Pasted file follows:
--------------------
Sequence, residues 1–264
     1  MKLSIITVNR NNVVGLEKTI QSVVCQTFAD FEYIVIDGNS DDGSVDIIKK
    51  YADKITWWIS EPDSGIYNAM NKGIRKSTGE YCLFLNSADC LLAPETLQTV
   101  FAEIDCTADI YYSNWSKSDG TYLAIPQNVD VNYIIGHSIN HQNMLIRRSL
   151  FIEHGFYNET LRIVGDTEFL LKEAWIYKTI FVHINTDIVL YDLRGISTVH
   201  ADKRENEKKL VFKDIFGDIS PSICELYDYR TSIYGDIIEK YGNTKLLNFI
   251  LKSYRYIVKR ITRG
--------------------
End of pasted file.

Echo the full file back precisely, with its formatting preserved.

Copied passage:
Sequence, residues 1–264
     1  MKLSIITVNR NNVVGLEKTI QSVVCQTFAD FEYIVIDGNS DDGSVDIIKK
    51  YADKITWWIS EPDSGIYNAM NKGIRKSTGE YCLFLNSADC LLAPETLQTV
   101  FAEIDCTADI YYSNWSKSDG TYLAIPQNVD VNYIIGHSIN HQNMLIRRSL
   151  FIEHGFYNET LRIVGDTEFL LKEAWIYKTI FVHINTDIVL YDLRGISTVH
   201  ADKRENEKKL VFKDIFGDIS PSICELYDYR TSIYGDIIEK YGNTKLLNFI
   251  LKSYRYIVKR ITRG